We want the developers to actually focus on learning fast and help them facilitate everything. And facilitation, I mentioned, it’s not just a technology, so you’ve built your own, you’ve built your PC, you’re going into an EA customer. You want to talk with the customer and then you’re going into your initial production. We cover everything from how you actually update your availability and status page, how you manage your support and operational tickets, how you monitor things, how you connect into licensing services. So everything from that perspective and how you go to the different processes of emergency. Of course, again, security. We also have compliance. I see we have PCR SOC. All of this, if we want to make sure that the solution at the end fits and is in the same standards. So this is why we’re actually orchestrating and helping you have the same process for this.
Nati: Okay. Got it. So I think we’ve covered the environments, what checkpoint is running today, the product and I think we have a good visibility on the challenges that I think you’re having. Now I want to switch into a different topic that will be a good segue to talk about your platform, the infinity platform and the rationale behind that and what’s been there and I wanted to switch to a different thread that I shared with you about a post that Martin Casado was being there for those who are less familiar as being the founder of Nicira, which was bought by VMware. The latest stage now is an analyst in Andreessen Horowitz. He wrote an interesting piece with Sarah Wang just to give you the gist of it. The whole idea was talking about the cost of infrastructure in SAS companies and the effect of it on the company’s profitability and therefore valuation which was kind of an interesting twist.
I’m not going to talk about the specific numbers that were quoted there, because I think there’s a lot of debate about those numbers and whether they’re representative or they’re representing a more special case. But I think the general argument was that there’s a tension between how SAS companies operate today, which is velocity around new features, new products, and an efficiency becoming a second class or a second, if you’d like API in their environment and that leads to this paradox that was discussed here is that the more you scale and the more you grow with the cloud, your margin actually shrinks because your cost of the cloud grows, but not necessarily, you cannot really match the revenue that you’re charging your customer for would say linearly with the cost of infrastructure, which means that over time, if you’re not careful, you could actually start well, that would be a very extreme case, you could start lose money, but potentially.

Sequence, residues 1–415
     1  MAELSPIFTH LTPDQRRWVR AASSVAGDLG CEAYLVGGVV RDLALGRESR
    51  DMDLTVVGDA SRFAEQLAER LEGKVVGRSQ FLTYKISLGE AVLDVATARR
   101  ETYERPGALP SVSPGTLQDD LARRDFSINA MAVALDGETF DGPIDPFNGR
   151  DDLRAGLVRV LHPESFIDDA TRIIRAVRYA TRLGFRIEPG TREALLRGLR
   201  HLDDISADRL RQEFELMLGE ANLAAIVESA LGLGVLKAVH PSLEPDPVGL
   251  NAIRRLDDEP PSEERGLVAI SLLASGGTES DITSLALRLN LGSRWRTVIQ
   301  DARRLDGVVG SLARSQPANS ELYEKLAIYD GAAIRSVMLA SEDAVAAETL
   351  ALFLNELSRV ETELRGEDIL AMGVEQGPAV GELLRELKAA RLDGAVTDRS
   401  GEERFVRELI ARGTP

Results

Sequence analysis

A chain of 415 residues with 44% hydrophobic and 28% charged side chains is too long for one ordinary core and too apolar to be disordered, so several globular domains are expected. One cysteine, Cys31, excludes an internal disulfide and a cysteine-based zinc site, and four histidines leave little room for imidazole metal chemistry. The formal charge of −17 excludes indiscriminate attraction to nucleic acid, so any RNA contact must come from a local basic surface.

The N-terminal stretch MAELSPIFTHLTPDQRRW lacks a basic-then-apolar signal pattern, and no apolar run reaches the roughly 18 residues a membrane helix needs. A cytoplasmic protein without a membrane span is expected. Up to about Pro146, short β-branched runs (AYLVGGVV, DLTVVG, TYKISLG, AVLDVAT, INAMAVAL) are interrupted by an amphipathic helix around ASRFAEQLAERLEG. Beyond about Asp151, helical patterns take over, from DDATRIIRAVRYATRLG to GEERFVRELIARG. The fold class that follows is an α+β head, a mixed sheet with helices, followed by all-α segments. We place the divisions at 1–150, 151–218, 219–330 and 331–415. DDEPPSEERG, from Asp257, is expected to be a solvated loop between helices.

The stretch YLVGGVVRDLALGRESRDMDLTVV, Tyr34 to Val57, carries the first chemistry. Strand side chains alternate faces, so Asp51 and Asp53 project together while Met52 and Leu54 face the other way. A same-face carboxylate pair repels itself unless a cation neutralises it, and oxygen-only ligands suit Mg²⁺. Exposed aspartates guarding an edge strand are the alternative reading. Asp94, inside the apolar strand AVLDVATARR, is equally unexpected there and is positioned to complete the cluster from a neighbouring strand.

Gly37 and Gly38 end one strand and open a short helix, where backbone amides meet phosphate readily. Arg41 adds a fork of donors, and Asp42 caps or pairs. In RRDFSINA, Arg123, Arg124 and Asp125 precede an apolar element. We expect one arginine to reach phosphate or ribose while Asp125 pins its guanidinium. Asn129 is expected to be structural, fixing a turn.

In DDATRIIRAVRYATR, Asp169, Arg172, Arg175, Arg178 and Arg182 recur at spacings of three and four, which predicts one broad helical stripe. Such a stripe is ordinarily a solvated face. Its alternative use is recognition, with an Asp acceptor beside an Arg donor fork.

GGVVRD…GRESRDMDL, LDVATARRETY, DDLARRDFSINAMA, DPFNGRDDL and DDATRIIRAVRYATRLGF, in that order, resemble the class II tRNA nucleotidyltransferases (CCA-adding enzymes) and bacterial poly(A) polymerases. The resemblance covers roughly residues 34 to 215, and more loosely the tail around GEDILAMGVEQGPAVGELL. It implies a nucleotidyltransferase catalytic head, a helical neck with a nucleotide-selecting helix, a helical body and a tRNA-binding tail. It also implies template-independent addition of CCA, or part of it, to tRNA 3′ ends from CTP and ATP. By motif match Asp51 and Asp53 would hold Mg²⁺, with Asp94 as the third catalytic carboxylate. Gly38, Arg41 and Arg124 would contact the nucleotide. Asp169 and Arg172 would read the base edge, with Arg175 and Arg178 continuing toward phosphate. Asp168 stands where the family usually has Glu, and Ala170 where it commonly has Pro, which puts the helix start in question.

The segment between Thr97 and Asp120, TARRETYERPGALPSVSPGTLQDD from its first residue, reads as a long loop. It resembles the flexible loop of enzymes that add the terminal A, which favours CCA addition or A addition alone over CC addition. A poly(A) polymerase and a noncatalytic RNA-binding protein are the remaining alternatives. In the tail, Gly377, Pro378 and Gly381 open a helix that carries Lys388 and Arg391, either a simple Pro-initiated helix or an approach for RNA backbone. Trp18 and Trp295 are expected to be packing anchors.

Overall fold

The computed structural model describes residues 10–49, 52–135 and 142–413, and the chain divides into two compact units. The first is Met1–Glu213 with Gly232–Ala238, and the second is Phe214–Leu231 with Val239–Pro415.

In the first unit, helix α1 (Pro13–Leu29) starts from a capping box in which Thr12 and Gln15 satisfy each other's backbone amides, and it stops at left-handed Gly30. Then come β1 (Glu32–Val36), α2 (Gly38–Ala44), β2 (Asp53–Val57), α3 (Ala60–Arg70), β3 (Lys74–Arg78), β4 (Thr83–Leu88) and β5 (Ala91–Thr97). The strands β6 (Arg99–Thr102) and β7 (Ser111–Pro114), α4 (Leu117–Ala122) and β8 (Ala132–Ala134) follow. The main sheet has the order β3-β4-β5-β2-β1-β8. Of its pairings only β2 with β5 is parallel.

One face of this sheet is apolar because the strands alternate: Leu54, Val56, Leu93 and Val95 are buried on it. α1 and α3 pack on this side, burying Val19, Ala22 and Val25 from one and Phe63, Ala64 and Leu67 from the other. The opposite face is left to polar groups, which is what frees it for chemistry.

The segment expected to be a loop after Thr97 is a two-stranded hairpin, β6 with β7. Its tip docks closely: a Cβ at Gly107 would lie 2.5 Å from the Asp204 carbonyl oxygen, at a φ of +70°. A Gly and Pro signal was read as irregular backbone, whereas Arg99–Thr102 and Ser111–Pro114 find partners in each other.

He also touched on, again, in my view, a more extreme case of handling that, but not necessarily the right way, which is going off cloud to have a bit more control over your cost structure and Dropbox has been the poster child of that, but not just Dropbox. I think there were a couple of other companies mentioned that when they reach scale that’s the choice that they’ve taken. Again, in my view, that’s a fairly extreme move and there’s much more things that you can do before you actually get to that, but that’s been the thesis behind that post. So I thought that this would be a good point for this discussion, because what I’m hearing from you is you have a lot of products, you have a very complex infrastructure, a lot of groups that are now developing against this infrastructure and they all need that velocity and they all need to work and obviously you need to balance between the level of control and velocity, usually velocity wins. How do you see this being handled? And what do you think about the article and what do you think about this being handled and where do you see an equilibrium that will get to some sort of equilibrium between those two conflicting things?